Consequently, the attack was organised in a way described in the song. The front rank or 'leaders' comprised the best (or most foolhardy) throwers, equipped only with a number of slow burning fuses. The rear ranks passed the grenades to them as required, the 'leaders' inserting a burning fuse before throwing them at the enemy position.

It was a job for brave men, and the grenadiers distinguished themselves in the Flanders campaign against the army of Louis XIV and the fortified positions constructed by Vauban (it was mostly siege warfare). It is thought by some that the song was written to commemorate their valour at the siege of Namur.

Could it be that a tune going the rounds in Flanders at the time attached itself to this song?

      Regards,
       Train Guard


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Subject: RE: The British Grenadiers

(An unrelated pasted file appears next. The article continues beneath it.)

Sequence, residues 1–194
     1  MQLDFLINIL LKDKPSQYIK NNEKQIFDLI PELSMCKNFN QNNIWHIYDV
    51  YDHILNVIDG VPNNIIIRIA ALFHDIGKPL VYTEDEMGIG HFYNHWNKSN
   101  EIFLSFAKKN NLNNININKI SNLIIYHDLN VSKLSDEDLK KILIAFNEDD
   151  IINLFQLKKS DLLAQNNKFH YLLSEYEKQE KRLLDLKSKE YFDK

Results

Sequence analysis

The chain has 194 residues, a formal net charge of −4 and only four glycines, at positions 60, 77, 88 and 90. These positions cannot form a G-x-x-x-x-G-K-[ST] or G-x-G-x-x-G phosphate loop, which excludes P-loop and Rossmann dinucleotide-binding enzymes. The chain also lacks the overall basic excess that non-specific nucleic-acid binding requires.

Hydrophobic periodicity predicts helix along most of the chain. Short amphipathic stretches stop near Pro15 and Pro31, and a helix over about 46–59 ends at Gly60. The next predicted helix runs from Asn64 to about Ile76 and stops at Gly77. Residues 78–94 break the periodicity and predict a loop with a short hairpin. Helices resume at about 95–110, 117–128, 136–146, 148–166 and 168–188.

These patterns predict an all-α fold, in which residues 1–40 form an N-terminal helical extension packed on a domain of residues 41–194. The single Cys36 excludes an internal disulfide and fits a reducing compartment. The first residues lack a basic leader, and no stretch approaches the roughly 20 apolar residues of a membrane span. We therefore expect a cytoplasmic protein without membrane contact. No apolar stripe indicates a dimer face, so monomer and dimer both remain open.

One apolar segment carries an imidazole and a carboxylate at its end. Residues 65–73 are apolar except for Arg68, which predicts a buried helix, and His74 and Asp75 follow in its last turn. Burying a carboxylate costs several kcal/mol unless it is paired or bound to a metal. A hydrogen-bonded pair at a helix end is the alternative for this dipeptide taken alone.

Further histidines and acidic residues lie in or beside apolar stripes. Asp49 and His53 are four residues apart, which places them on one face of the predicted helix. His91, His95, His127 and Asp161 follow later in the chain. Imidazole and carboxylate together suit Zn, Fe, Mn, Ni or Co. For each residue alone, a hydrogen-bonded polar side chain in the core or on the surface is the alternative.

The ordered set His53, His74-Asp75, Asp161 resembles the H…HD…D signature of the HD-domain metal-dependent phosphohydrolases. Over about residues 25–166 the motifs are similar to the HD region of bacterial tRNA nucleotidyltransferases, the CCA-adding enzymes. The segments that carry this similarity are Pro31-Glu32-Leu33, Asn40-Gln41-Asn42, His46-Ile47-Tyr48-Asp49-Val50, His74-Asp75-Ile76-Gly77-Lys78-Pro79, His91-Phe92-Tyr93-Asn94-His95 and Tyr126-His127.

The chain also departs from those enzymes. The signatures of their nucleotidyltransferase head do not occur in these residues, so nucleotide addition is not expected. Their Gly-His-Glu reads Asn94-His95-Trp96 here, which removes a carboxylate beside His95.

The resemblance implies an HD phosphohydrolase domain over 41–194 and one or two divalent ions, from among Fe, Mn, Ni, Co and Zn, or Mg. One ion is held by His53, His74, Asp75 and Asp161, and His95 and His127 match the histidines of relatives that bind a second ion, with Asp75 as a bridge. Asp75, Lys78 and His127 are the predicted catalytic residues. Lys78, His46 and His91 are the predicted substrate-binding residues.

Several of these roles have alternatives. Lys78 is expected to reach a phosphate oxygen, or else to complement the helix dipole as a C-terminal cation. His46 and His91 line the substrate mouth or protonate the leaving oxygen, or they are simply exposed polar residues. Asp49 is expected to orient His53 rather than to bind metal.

From: IanC
Date: 25 Mar 03 - 12:51 PM

I've read that the earliest surviving published version of the song is dated 1700. The tune, as noted above, goes back a little earlier. "The Bath" appears in the 1651 edition of Playford and is replaced by "The New Bath" in 1689. The latter is a different dance, with a different tune.

Quite a lot of tunes had currency across much of Europe anyway, so who knows where it originated. Certainly some unknown 20th Century buskers in Lille aren't likely to give a good provenance for a tune that's been around over 200 years. I was in North Italy last year and a hurdy-gurdy player in the mountains was playing what sounded like an English tune. Turned out it was. He got it (directly) from the hurdy gurdy player in Blowzabella.

:-)


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Subject: RE: The British Grenadiers
From: okthen
Date: 25 Mar 03 - 01:14 PM

Don't know why, but I get a little nervous when I hear of Germans learning French.


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Subject: RE: The British Grenadiers
From: masato sakurai
Date: 25 Mar 03 - 01:49 PM

See The Fiddler's Companion: BRITISH GRENADIERS, THE.

~Masato


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Subject: RE: The British Grenadiers
From: Malcolm Douglas
Date: 25 Mar 03 - 05:35 PM